About Asafoetida/ Hing - Everything That You Need to Know

Asafoetida as you know it

Ever wondered about the origins of Hing?

Asafoetida, commonly known as “Hing” or “Perangayam” is obtained from the root of the Ferula plant, that grows in the arid regions of countries like Iran, Uzbekistan, Kazakhstan, Afghanistan, amongst others.

Although not conventionally obtained, it is one of those earthy ingredients you will need in your kitchen, once you have discovered its true piquant qualities.

It is obtained in the molten form and later processed, as hing in its raw form may be detrimental to consume. Different varieties of asafoetida are mixed, depending upon their unique aromas. They are then mixed with flour (maida) and edible gum to create an emulsified product. This is later processed and made available in the form of lumps or powder.

What is so intriguing about this spice is that it is extremely pungent when raw, but as soon as it is cooked in fat, it becomes subtle and aromatic. It almost teaches you not to judge too soon.

Hing could rightly be called the supporting Star of your kitchen. Add a pinch of this spice to oil along with your favorite spices, and it will blend in the backdrop, bringing out enhanced flavors of other spices. A prototype of this is “Sambhar powder.” Sambhar powder is the main component in a south Indian and Srilankan stew. A piece of hing (lump) is cooked in oil, along with other whole spices and then blended through a food processor. It is something to try at home.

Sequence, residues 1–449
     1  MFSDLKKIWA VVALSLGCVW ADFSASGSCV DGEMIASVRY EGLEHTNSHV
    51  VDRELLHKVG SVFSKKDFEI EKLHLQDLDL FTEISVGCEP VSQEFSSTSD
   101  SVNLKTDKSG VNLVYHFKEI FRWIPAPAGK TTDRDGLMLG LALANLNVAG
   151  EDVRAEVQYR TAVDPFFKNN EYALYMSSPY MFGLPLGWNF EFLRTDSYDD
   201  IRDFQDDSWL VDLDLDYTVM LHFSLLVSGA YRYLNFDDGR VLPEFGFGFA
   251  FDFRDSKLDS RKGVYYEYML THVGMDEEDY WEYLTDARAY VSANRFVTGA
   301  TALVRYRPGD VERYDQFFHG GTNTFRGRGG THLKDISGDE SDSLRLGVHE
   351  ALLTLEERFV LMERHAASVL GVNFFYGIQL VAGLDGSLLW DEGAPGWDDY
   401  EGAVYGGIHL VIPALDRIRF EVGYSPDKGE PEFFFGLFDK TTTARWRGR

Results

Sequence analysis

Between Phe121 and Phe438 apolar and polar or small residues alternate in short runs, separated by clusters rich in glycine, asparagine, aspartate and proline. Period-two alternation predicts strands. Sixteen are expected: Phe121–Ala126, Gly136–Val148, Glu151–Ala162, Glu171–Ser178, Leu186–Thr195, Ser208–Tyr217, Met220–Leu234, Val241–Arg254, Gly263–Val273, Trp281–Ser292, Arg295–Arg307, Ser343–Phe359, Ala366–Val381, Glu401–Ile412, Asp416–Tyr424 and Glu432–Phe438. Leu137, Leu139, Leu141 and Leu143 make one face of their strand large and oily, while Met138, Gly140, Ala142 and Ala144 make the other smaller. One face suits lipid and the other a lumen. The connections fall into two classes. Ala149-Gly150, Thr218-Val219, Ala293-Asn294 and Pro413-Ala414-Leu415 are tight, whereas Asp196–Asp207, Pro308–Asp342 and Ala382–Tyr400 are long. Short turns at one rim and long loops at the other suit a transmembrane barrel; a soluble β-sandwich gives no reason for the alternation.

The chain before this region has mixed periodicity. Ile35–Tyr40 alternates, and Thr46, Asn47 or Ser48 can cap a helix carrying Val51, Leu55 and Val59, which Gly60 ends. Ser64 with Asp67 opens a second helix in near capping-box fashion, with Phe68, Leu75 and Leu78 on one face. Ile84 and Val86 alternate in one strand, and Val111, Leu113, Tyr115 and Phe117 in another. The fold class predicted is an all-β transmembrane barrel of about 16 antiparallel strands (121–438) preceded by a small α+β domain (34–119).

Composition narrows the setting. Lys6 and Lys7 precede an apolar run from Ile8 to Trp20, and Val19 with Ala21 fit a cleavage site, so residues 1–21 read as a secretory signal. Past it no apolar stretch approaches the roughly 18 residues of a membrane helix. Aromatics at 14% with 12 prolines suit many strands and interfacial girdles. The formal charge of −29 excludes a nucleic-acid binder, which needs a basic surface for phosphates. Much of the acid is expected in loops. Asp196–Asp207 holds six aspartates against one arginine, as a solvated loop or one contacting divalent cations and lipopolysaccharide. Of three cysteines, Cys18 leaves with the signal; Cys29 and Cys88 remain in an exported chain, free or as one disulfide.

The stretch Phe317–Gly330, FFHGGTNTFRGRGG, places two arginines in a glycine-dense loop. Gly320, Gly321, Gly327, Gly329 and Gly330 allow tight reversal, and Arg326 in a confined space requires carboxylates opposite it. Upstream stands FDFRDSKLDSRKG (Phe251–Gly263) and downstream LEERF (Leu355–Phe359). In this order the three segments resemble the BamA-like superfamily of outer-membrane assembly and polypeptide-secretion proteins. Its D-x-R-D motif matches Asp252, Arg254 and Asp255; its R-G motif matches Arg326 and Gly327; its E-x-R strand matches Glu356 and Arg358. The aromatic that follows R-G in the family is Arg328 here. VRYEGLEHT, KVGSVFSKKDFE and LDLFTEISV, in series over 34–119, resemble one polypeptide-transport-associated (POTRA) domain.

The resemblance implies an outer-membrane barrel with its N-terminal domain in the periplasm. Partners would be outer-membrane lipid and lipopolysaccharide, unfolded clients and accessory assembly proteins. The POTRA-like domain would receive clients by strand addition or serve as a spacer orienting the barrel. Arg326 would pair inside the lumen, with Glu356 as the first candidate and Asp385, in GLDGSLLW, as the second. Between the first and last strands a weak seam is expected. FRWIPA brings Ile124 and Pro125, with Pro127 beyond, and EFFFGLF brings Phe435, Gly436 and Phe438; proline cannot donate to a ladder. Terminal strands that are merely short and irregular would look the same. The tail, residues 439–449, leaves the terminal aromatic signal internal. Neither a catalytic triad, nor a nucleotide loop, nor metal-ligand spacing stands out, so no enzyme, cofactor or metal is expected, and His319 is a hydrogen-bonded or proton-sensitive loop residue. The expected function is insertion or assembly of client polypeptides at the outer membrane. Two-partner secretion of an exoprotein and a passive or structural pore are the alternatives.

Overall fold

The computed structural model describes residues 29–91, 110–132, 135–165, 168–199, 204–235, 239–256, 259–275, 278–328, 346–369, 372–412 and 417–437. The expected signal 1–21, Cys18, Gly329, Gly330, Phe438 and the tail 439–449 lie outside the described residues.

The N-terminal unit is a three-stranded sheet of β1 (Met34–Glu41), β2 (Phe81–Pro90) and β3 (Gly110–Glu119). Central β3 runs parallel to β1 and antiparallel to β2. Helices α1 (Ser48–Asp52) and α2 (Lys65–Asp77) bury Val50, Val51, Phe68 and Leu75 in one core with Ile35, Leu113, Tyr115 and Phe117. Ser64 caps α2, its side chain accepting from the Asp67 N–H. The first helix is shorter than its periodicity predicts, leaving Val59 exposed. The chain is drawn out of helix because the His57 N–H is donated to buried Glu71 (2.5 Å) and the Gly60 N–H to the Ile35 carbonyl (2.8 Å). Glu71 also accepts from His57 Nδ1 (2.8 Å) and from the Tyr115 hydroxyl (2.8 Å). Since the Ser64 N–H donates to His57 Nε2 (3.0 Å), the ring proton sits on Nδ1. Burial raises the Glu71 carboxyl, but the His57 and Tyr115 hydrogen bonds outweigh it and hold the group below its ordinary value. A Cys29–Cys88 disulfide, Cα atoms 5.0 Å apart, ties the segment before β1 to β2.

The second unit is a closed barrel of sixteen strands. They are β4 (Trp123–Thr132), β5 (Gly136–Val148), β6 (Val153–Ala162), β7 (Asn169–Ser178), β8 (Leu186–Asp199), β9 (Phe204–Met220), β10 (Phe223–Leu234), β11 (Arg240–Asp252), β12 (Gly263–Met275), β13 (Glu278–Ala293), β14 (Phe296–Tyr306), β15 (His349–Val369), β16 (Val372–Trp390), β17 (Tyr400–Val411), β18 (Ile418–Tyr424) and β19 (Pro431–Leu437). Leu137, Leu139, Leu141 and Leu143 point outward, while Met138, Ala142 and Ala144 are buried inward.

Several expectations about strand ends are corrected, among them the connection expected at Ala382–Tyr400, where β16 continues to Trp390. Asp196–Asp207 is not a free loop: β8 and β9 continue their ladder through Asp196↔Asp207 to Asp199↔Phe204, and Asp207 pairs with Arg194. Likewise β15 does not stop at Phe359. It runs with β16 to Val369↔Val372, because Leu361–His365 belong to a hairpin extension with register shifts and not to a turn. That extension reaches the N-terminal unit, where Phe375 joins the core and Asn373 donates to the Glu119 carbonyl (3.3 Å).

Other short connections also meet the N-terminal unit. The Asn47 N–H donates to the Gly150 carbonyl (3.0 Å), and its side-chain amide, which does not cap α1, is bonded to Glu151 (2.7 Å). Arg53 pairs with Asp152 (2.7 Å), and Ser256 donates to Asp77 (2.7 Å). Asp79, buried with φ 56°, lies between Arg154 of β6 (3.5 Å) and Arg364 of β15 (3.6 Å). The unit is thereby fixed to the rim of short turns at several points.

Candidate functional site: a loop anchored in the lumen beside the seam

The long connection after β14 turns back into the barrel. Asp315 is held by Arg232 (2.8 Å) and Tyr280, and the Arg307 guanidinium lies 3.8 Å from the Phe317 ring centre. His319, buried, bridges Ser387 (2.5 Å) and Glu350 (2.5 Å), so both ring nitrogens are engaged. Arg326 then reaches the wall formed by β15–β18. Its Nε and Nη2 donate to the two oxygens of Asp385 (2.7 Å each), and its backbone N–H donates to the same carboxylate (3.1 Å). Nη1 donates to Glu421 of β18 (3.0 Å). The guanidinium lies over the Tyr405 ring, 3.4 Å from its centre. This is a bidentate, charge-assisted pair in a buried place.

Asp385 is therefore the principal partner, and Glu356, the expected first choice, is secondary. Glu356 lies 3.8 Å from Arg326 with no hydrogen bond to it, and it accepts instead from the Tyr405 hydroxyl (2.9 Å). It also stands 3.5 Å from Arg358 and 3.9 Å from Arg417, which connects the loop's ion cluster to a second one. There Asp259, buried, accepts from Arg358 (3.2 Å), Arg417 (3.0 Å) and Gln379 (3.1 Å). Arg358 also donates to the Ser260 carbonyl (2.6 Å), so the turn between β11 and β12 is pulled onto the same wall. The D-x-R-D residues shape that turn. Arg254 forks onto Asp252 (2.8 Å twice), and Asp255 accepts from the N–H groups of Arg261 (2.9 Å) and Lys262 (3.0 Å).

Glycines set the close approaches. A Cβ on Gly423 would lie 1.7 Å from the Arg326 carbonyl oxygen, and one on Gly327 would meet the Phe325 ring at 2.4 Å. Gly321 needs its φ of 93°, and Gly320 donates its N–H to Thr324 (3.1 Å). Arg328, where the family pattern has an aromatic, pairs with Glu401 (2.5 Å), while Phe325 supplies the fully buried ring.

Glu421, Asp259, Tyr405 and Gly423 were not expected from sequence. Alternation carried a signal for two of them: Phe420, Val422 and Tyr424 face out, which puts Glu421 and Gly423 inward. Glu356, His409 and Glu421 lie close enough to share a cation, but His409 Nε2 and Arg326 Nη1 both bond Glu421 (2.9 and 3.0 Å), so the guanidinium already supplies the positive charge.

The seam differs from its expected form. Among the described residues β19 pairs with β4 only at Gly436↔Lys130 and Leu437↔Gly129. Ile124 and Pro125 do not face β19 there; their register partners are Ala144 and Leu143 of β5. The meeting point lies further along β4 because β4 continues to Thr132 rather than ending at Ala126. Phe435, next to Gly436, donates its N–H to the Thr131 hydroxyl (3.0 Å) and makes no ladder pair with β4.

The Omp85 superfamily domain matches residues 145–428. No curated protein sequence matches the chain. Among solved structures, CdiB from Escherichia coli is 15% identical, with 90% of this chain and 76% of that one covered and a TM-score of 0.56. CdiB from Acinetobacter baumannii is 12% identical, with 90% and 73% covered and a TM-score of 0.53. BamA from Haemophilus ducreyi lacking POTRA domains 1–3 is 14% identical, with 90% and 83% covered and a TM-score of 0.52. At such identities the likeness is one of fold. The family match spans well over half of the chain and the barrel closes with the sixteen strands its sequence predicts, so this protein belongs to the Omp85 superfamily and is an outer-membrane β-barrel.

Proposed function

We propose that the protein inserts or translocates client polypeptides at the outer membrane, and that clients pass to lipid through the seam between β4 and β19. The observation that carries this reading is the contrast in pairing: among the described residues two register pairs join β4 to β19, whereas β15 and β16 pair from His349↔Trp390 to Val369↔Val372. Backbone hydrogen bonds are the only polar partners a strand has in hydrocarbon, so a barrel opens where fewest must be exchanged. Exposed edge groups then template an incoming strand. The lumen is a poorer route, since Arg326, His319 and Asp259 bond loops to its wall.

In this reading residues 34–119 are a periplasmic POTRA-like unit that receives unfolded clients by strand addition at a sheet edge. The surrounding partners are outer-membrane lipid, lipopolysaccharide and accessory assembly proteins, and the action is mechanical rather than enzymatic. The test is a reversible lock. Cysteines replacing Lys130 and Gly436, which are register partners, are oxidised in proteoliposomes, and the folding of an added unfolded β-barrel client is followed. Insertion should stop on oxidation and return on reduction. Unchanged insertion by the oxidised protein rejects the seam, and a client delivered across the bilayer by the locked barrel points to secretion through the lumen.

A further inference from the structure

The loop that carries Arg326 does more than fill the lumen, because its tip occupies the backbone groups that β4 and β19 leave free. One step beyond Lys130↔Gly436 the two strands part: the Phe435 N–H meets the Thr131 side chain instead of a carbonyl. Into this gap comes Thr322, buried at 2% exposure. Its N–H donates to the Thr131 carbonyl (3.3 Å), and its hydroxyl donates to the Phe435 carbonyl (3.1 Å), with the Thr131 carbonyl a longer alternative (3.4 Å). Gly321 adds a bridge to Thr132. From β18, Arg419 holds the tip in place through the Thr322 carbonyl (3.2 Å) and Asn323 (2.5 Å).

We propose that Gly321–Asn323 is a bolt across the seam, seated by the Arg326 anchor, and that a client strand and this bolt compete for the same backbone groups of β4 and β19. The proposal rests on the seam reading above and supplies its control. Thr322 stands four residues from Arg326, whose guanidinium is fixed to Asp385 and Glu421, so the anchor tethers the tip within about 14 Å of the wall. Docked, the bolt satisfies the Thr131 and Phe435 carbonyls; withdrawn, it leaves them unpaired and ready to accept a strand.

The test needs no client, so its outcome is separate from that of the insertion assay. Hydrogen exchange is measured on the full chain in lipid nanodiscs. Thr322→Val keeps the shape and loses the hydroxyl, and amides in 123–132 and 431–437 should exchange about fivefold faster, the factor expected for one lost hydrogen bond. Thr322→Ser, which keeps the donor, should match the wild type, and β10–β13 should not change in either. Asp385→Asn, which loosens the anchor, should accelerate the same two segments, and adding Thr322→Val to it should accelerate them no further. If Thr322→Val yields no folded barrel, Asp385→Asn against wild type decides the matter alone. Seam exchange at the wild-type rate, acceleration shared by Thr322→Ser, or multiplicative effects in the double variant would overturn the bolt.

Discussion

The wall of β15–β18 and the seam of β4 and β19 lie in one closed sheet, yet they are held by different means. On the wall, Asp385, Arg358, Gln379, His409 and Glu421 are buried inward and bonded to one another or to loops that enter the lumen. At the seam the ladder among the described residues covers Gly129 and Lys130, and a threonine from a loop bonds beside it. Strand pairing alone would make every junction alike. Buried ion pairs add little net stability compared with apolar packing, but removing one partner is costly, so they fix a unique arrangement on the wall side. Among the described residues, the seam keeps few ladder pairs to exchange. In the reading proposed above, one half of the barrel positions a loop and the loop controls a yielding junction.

A powdered form of hing is also available.

Laljee Godhoo and Co created this type of compounded Asafoetida in the 1980s. The idea to create this form of dehydrated powdered lumps was for the sake of convenience and to create more subtlety in flavor. It is ideal for everyday use in Tadkas, ‘Farsan’ and curries.

Further, the use of hing is not limited solely to these dishes. Hing may be more versatile than previously assumed.

* See the section on recipes for further details*

Uses Of Hing

  • Asafoetida is useful as a digestive spice that has the additional benefit of lowering cholesterol and reducing gas. To use hing effectively to cure gas: add a quarter of a teaspoon hing to one glass of buttermilk or warm water, and consume.
  • Asafoetida is recognized as a laxative and hence reduces the risk of constipation.
  • Fighting influenza: Asafoetida was used in 1918 to fight the Spanish influenza pandemic. Asafoetida may serve as promising lead compounds for new drug development against influenza A (H1N1) viral infection”.
  • Remedy for asthma and bronchitis.
  • A folk tradition remedy for children’s colds: It is mixed into a pungent-smelling paste and hung in a bag around the afflicted child’s neck.
  • Anti-epileptic: Asafoetida oleo-gum-resin has been reported to be anti epileptic in classical Unani, as well as ethnobotanical literature.
  • Antidote for opium.

Ayurveda and Hing

Asafoetida was one of the most commonly prescribed herbs in the 19th century in the treatment of hysteria and for many symptoms associated with mood swings and depression,or in ayurvedic terms “Asafoetida is a grounding herb that can therefore balance an overactive, over emotional, turbulent system”.